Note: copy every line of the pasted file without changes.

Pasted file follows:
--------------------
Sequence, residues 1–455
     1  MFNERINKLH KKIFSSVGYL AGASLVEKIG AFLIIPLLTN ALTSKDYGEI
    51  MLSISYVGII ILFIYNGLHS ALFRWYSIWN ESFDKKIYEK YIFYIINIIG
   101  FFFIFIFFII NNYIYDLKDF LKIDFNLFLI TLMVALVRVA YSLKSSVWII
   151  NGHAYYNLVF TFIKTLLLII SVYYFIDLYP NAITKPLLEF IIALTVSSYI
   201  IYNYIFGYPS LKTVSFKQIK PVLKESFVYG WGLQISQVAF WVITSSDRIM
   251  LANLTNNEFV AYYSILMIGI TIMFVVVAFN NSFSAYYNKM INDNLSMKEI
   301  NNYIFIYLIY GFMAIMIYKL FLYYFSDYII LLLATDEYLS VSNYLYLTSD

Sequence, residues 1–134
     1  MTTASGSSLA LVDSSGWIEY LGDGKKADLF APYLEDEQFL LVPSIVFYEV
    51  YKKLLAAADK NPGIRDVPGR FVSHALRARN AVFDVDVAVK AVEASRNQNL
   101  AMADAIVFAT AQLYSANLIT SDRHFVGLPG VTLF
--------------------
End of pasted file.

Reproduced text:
Sequence, residues 1–455
     1  MFNERINKLH KKIFSSVGYL AGASLVEKIG AFLIIPLLTN ALTSKDYGEI
    51  MLSISYVGII ILFIYNGLHS ALFRWYSIWN ESFDKKIYEK YIFYIINIIG
   101  FFFIFIFFII NNYIYDLKDF LKIDFNLFLI TLMVALVRVA YSLKSSVWII
   151  NGHAYYNLVF TFIKTLLLII SVYYFIDLYP NAITKPLLEF IIALTVSSYI
   201  IYNYIFGYPS LKTVSFKQIK PVLKESFVYG WGLQISQVAF WVITSSDRIM
   251  LANLTNNEFV AYYSILMIGI TIMFVVVAFN NSFSAYYNKM INDNLSMKEI
   301  NNYIFIYLIY GFMAIMIYKL FLYYFSDYII LLLATDEYLS VSNYLYLTSD

Sequence, residues 1–134
     1  MTTASGSSLA LVDSSGWIEY LGDGKKADLF APYLEDEQFL LVPSIVFYEV
    51  YKKLLAAADK NPGIRDVPGR FVSHALRARN AVFDVDVAVK AVEASRNQNL
   101  AMADAIVFAT AQLYSANLIT SDRHFVGLPG VTLF